Our Walk Through the Gaming Bucket List Starts with a Quantic Dream Masterpiece
Being in my position, I often get the opportunity to make suggestions about games people might enjoy playing. With my friends, I’m always careful to tailor these suggestions to things I expect people will like.
I’m not going to ask my boyfriend to play Mortal Kombat, for instance – he’s a Minecraft kind of guy. Every so often, however, a game comes along where I simply need to sing its praises and get everyone I know to have a turn.
Heavy Rain is one such game. A breakout PS3 title, it’s only just turned five years old. It was one of the first games I bought when I finally got a PS3 and it sat on my shelf for some time. With such a dry opening chapter and relying largely on interactive drama, Heavy Rain wasn’t something I was expecting to have such a tremendous impact on me.
But I played through and have since annoyed all my friends by forcing them to experience the same adventure.
Interactive Drama Needs a Powerful Story and Heavy Rain Delivers
When your entire game is trying to tell a convincing story, you need the plot to be both compelling and driven. I can’t simply skip through cutscenes to play the action sequences like I can with other games so if there is a moment where someone falls off the Heavy Rain wagon, they’re gone.
Hence why getting over the slow initial proceedings of the game is such a challenge. Once the plot starts to get into gear, the game is almost impossible to put down. Many a day was I at university, tired, because I couldn’t stop playing Heavy Rain.
Its story is salient for a number of reasons. Grounded in the gritty noir realism of the surrounding world, the stories of the four characters are fleshed out and very easily enrapture players.
I remember when two of my more macho friends were watching another friend play. In typical blase fashion, they were making crude jokes and whatnot but when the tension spiked and ‘The Chase’ started playing, they too were shouting advice.
A Musical Score to Match
There’s nothing else I can say except that Heavy Rain‘s score is triumphant. It is everything it needs to be: bombastic, poignant, and emotive when it needs to be. Sadly the composer, Normand Corbeil, passed during the production of Quantic Dream’s next title, Beyond: Two Souls.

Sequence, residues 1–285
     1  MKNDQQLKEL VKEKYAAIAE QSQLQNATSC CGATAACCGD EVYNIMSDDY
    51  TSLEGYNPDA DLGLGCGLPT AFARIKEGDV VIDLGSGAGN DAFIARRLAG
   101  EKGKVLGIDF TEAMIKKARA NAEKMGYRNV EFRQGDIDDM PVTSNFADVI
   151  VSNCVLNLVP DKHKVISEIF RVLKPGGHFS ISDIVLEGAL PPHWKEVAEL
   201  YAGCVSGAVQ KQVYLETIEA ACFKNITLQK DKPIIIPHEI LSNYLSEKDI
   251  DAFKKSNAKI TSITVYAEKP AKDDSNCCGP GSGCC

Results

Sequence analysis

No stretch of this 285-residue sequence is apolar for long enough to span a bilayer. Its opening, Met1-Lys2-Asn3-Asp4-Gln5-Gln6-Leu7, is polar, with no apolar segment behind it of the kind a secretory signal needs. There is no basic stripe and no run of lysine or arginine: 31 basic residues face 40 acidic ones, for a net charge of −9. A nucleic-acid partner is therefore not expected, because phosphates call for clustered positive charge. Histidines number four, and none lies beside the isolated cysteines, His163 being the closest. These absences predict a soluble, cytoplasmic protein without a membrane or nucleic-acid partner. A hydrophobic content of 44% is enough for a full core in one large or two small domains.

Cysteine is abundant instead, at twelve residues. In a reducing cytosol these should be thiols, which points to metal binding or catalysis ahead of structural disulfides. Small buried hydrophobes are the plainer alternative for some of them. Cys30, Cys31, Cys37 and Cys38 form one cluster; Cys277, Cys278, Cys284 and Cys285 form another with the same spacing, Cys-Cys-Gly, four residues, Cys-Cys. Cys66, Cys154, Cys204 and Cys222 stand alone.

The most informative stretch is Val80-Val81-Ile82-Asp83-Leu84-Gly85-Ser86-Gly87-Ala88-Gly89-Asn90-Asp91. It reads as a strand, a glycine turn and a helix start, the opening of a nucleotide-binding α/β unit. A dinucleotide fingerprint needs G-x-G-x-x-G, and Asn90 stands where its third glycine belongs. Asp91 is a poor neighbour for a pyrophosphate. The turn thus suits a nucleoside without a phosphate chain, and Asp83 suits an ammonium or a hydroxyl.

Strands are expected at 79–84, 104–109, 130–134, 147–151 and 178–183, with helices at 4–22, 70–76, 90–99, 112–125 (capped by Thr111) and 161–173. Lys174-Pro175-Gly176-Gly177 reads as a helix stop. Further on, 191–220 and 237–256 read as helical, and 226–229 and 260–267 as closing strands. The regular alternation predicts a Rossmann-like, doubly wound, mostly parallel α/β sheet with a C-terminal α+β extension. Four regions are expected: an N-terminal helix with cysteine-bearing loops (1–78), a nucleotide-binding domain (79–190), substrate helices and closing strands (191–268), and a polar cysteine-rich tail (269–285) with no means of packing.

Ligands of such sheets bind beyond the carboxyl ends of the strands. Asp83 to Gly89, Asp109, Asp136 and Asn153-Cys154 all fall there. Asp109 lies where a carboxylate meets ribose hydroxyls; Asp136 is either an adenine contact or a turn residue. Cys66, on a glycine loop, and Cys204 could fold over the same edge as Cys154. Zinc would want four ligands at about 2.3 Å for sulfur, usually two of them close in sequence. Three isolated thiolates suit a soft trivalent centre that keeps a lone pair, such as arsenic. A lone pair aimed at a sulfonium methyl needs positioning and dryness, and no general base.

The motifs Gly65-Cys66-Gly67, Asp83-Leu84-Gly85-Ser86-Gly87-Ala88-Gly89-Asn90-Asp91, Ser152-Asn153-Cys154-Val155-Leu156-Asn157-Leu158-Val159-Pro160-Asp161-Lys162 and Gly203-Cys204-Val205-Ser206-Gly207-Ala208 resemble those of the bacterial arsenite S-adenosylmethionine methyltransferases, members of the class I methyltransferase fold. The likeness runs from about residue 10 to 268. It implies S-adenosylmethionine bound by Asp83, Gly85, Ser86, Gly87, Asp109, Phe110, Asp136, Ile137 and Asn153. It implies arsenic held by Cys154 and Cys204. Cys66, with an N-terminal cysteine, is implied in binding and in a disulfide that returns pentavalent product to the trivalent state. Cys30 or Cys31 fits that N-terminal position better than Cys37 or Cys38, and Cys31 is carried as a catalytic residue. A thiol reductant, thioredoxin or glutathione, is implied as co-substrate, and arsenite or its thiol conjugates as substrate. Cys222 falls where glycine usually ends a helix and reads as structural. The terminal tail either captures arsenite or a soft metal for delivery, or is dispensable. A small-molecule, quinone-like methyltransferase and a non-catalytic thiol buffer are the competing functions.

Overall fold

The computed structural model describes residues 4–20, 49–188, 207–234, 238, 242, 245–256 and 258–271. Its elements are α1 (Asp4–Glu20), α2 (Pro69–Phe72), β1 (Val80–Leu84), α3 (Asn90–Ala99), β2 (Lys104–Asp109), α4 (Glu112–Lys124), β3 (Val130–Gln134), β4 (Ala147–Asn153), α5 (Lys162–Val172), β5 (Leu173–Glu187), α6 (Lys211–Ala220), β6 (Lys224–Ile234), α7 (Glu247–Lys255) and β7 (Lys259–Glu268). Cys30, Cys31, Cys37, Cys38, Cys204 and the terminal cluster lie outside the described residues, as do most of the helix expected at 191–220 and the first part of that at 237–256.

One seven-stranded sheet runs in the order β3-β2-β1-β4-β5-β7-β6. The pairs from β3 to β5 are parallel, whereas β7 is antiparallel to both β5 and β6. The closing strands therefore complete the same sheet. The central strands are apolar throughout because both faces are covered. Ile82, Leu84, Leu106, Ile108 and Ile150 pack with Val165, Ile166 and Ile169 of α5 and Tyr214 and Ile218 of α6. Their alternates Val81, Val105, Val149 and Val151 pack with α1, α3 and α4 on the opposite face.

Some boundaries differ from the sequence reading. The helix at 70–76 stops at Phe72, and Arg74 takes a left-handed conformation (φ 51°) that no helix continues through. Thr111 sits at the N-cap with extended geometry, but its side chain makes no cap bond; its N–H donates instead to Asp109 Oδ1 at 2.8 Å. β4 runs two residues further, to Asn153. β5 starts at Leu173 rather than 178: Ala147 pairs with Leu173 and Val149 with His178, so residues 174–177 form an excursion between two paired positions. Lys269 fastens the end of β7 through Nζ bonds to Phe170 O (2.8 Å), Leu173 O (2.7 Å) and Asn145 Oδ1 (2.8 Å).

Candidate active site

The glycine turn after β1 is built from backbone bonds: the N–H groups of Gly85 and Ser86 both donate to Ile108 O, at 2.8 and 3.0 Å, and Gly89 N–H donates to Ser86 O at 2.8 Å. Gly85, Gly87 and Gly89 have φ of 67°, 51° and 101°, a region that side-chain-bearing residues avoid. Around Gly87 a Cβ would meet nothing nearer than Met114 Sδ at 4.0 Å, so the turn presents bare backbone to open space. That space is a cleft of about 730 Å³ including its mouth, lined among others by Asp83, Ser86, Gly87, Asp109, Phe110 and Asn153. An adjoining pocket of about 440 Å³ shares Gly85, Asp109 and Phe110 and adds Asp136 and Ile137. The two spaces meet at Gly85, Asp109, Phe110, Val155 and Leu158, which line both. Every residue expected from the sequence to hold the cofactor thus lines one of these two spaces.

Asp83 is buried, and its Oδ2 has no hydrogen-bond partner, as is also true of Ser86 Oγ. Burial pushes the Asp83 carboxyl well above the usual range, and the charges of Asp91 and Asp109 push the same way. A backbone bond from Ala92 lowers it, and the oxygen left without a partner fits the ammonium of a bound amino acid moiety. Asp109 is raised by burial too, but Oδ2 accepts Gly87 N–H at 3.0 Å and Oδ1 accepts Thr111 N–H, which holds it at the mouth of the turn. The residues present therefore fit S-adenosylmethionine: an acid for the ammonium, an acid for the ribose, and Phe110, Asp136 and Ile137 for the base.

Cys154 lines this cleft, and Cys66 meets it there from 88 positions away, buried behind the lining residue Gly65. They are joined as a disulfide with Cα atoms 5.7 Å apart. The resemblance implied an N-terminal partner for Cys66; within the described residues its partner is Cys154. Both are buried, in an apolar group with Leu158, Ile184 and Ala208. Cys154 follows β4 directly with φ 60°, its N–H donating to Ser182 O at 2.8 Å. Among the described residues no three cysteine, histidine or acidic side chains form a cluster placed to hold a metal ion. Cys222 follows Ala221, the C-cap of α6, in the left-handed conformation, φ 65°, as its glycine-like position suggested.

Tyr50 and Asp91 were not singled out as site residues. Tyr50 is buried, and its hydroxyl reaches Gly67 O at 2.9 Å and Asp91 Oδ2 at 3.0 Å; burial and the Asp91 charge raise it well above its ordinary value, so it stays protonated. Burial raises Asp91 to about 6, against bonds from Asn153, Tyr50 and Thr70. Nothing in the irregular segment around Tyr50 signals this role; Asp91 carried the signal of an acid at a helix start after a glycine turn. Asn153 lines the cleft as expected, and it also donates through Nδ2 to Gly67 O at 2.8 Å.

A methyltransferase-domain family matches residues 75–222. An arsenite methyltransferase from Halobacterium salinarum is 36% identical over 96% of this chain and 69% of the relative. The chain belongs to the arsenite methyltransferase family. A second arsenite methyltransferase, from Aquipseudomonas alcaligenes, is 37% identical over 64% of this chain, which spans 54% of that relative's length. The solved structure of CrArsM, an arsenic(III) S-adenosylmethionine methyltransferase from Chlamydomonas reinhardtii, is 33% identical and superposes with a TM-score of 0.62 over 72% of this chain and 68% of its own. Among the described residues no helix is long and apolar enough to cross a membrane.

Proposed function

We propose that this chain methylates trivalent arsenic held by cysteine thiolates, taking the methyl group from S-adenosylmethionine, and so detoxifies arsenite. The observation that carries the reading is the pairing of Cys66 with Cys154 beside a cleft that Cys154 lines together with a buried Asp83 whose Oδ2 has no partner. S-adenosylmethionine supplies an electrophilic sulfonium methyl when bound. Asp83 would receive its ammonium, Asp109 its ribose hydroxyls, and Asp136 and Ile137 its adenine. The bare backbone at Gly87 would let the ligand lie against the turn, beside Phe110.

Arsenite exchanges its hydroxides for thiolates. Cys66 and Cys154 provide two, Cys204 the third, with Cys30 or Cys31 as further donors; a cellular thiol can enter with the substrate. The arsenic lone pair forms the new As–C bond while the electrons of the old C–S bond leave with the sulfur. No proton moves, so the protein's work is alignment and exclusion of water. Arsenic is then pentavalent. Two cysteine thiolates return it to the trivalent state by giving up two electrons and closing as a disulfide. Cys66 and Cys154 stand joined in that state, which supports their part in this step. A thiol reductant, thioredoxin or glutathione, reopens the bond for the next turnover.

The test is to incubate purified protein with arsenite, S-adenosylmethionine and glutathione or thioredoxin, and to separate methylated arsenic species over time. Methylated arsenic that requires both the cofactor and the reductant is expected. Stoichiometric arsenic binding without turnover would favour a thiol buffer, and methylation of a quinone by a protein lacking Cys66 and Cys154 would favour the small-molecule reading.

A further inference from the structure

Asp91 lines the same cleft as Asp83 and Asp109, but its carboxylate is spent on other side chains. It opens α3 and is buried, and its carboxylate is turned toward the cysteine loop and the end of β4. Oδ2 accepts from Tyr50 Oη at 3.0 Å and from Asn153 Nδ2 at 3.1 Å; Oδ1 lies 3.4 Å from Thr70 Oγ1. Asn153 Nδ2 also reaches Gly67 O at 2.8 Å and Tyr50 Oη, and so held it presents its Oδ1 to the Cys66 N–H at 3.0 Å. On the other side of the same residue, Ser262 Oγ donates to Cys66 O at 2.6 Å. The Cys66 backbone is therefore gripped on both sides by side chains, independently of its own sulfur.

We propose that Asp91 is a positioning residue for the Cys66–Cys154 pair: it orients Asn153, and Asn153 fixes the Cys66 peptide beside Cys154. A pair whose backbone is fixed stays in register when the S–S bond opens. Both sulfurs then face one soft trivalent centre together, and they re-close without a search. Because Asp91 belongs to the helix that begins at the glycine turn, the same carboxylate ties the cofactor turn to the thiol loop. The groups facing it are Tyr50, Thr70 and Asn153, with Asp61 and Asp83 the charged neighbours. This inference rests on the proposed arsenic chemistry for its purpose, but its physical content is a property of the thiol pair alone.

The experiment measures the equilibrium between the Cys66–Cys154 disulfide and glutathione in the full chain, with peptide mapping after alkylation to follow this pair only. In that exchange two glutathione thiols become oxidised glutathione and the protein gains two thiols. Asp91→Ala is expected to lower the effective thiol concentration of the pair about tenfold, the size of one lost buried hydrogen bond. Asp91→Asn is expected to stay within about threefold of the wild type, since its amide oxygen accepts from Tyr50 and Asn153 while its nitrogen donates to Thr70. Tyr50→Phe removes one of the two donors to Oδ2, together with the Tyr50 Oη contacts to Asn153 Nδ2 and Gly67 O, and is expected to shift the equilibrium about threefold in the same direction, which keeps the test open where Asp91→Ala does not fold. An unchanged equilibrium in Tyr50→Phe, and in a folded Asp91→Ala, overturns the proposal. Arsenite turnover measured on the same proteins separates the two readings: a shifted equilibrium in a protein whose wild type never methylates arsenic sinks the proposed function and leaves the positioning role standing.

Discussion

His work was astounding and a few tracks stand out amongst the rest. Painful Memories; The Chase; and Ethan Mars’ theme, to name a few. It’s a tragedy that we will not be able to hear his work in future titles.
Personally, I cannot fault the soundtrack for this game. Without it, I’m certain the story, while interesting, would not have been told in such an enamouring, vivid way. It perfectly embodies the tension, the despair, and every up and down of the characters’ roles within the plot. For all the things Heavy Rain gets right, the music is the best of them all.
Something to Share
Another of my favourite things about Heavy Rain is that each person’s experience with the game is unique. Anyone who has heard me talk about horror games knows that the reason I love them is that we all feel them and that shapes our play through of the game in their own individual way.
Heavy Rain might not share the scares but its visceral approach to tension and storytelling put it in the same vein.
I know that on many occasions, what happened to each character and how we approached certain scenes was a talking point amongst friends. Heavy Rain is a game that we can share, even though not in the traditional sense. To this end, its reliance on quick time events is a good move.
I’m not going to pretend it didn’t get tedious after a while but it at least made the game more accessible to those who maybe enjoyed a good story and weren’t avid gamers (yet). Interactive drama is a good medium for people to whet their appetites for games.
In the end I don’t want to sit here and say Heavy Rain is faultless. It can be a bit slow at times and if your characters die, you can find yourself missing out on important information, leaving the game a little dry.
Interactive drama isn’t going to be for everyone, obviously. But I’m finding more and more people are asking me what are my favourite games or what games should they play. My response almost always references Heavy Rain in some way or another. The reason is that the game is simply fantastic. If you can’t stomach horror enough to learn how games can affect us in a very real way, Heavy Rain is an amazing substitute and tells a story you won’t forget.